http://groups.google.com/group/rec.games.pinball/browse_thread/thread/314082a1fa8a60bd/ac371b4396b9ffa8?lnk=gst&q=pinballmike217+rotisserie#ac371b4396b9ffa8

    I don't know why Vid choose shorter crossbeams when he reposted my plans, they are too short.

    Mike

    #66 6 years ago
    Quoted from QuickSilverShelb:

    Vid, I just built a rotisserie using your guide and it is simple and excellent. Only one thing I'd like to comment on. You state to use 1/2" x 48" pipe for the long lengths but I think you actually need 1/2" x 60" pipe for the long lengths because the 48" pipes are not long enough to take a playfield.

    Probably the floor flanges are different from brand to brand, making that difference (x2 yet).

    BUT what I totally forgot about is that some playfields like GNR are 51" long! So yes get 60" lengths to cover anything the pinball world can throw at you.

    I changed the OP.

    Thanks for pointing that out!

    =

    Stolen from rob046:

    EM
    ----------------------------------------------------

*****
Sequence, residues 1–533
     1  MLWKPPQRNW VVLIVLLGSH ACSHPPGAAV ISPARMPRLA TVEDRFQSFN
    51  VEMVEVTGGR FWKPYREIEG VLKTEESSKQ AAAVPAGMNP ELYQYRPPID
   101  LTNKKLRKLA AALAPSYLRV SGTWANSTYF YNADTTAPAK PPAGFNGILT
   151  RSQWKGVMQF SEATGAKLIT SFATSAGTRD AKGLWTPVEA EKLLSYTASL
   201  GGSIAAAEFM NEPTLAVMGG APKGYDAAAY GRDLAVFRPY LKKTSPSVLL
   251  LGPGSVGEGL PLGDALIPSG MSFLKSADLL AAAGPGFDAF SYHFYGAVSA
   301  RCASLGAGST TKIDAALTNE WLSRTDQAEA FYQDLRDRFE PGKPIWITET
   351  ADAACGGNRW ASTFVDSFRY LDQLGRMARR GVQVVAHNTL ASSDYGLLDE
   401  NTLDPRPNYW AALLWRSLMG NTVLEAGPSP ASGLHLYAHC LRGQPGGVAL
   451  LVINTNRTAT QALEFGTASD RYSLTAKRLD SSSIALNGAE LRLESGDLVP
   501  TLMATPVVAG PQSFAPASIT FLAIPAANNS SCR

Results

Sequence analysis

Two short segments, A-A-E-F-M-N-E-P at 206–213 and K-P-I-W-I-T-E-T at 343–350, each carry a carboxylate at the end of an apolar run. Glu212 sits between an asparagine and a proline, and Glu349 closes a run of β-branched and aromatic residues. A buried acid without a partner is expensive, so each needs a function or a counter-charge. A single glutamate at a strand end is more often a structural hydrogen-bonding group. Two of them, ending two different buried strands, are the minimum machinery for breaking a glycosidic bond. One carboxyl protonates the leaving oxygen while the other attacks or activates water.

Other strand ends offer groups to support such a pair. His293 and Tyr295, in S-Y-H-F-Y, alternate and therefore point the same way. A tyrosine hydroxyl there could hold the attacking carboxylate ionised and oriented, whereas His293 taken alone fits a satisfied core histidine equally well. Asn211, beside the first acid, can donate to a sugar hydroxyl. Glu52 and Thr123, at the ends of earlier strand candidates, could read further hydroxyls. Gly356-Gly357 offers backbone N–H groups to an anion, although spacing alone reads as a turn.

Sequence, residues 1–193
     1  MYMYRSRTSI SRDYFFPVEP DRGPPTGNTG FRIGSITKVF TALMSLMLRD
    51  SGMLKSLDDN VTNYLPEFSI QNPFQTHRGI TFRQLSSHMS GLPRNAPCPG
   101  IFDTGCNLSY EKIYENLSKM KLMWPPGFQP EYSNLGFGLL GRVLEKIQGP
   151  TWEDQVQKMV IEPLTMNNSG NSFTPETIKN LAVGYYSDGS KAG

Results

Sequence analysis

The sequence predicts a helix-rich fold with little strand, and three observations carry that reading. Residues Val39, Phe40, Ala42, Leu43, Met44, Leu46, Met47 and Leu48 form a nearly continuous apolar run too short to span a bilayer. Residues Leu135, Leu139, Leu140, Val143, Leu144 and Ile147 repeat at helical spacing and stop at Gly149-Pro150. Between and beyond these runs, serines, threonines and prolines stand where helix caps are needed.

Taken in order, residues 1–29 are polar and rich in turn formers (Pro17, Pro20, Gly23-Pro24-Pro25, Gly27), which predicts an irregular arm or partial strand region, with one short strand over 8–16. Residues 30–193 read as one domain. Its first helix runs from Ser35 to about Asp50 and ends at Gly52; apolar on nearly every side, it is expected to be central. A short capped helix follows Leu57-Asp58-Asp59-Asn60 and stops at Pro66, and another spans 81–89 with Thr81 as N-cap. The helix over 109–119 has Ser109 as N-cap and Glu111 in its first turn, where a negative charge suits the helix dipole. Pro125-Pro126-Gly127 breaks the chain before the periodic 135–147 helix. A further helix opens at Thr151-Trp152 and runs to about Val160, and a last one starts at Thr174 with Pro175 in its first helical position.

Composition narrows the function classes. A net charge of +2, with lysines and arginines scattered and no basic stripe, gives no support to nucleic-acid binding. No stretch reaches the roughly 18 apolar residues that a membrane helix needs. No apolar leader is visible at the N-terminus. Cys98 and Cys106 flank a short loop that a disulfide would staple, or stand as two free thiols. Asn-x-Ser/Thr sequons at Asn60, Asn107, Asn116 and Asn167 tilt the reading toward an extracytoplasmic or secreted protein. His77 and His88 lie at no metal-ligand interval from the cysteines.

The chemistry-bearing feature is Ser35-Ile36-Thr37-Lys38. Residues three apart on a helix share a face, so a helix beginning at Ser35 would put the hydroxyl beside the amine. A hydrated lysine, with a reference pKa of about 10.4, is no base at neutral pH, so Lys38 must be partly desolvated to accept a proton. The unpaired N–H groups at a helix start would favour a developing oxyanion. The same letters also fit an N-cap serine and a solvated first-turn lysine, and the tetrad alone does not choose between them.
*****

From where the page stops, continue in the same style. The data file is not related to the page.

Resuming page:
Bally 70s EM - standard : 20.25" x 41.00" [514mm x 1041mm]
    Gottlieb 70s EM - standard : 20.25" x 41.00" [514mm x 1041mm]

    ----------------------------------------------------
    Early SS
    ----------------------------------------------------
    Atari - widebody : 27.00" x 45.00" [686mm x 1143mm]
    Bally (Pre WMS) - standard : 20.25" x 42.00" [514mm x 1067mm]
    Bally (Pre WMS) - widebody : 26.75" x 40.50" [679mm x 1029mm]
    Gottlieb System 1 - standard : 20.25" x 42.00" [514mm x 1067mm]
    Gottlieb System 80 - standard : 23.75" x 46.50" [603mm x 1181mm]
    Gottlieb System 80 - widebody : 26.75" x 46.50" [679mm x 1181mm]
    Stern Early SS - widebody : 23.875" x 45.00" [606mm x 1143mm]
    WMS System 1-11 - standard : 20.25" x 42.00" [514mm x 1067mm]
    WMS System 1-11 - widebody : 27.00" x 42.00" [686mm x 1067mm]
    Zaccaria SS - standard : 20.25" x 42.00" [514mm x 1067mm]

    ----------------------------------------------------
    Modern SS
    ----------------------------------------------------
    Capcom - standard : 20.25" x 46.00" [514mm x 1168mm]